By: Andrea Drugay
In 1830, Ralph Waldo Emerson decreed art a "jealous mistress." Thirty years later, George Bernard Shaw declared that music was "the brandy of the damned." If music is art, then it makes sense that the sweet dessert drink of those going to hell is a lover who wants control through unconventional slaps in tradition's face.
Are you following me? Music = brandy of damned; art = jealous mistress; music = art; therefore, brandy of damned = jealous mistress. Right?
Don't mess with music
Now, let's say you're one of the damned, and you have a jealous mistress waiting to slap you and be sipped like brandy. You already know what too much brandy can do to your head -- "musical" brandy delivers just as much love and angst and doesn't give you the silent treatment when it's angry.
In fact, when truly angry music gives you the silent treatment, you'd be smart to get undercover quickly and regain your humility -- the music's smarter than you, don't doubt it (the music, too, is smart enough to refrain from flowery analogies and pretentious philosophizing ... ).
Change with time
Twenty years ago, the Mekons were a bunch of smart punks in England. By "smart" I mean sm"art." They were punks whose criminal minds were far beyond convenience store holdups and sticky-fingered Jagermeister swipes. The Mekons understood things.
One thing they understood was that the ability to change is essential to survival. How you change doesn't always matter as much as flexibility itself. So, as punk dissolved like Kool Aid into the New Wave waters of the 1980s, the Mekons dribbled into newer musical territories, albeit diluted ones.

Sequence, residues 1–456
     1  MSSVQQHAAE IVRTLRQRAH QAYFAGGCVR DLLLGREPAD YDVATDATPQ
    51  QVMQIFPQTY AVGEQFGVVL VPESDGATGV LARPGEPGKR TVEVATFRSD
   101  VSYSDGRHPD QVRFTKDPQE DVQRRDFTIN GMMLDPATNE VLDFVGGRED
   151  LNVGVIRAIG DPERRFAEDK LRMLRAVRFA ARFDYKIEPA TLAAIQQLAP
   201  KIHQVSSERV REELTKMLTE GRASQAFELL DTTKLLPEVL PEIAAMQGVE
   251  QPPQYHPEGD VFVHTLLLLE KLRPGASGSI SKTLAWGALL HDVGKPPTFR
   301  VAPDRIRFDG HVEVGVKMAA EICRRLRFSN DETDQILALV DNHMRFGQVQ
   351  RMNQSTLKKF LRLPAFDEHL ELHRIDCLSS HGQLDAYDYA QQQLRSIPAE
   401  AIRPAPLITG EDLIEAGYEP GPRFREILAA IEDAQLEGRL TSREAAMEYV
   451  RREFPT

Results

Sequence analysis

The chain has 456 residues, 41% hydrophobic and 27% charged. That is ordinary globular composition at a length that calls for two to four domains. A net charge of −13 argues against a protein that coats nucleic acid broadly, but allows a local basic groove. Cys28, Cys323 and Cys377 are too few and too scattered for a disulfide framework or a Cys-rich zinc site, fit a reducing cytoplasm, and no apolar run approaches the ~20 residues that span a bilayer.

The Mekons' musical grounds since their late 1970s heyday have been eclectic, sometimes watered-down, kind of artsy and experimental, kind of boring -- and simultaneously praised, ignored and laughed at.
Now, they've collaborated with novelist Kathy Acker to produce a spoken-word, musical seafaring adventure -- or something like that. The Mekons came up with some plucky, plank-banging musical settings for Acker's narrated story of sarcastic pirate girls. She sings sometimes, too (ahoy, Adam Ant).
The music and especially the story leave much to be desired. Acker has a mouth that's a cross between Maggie Estep and Lydia Lunch. It would be one thing if she simply swore a blue streak, like any good pirate girl should, but alas, no swashbuckler is she. Instead, she mutters boring soft porn that's too strained to be sexy.
The album as a whole is just kind of okay. However, it was a pretty
risky move for the Mekons, artistically, within the neo-punk populous.
They don't care if we think they're lame. As usual, they will
drink their brandy in one quick sip and wait for the inevitable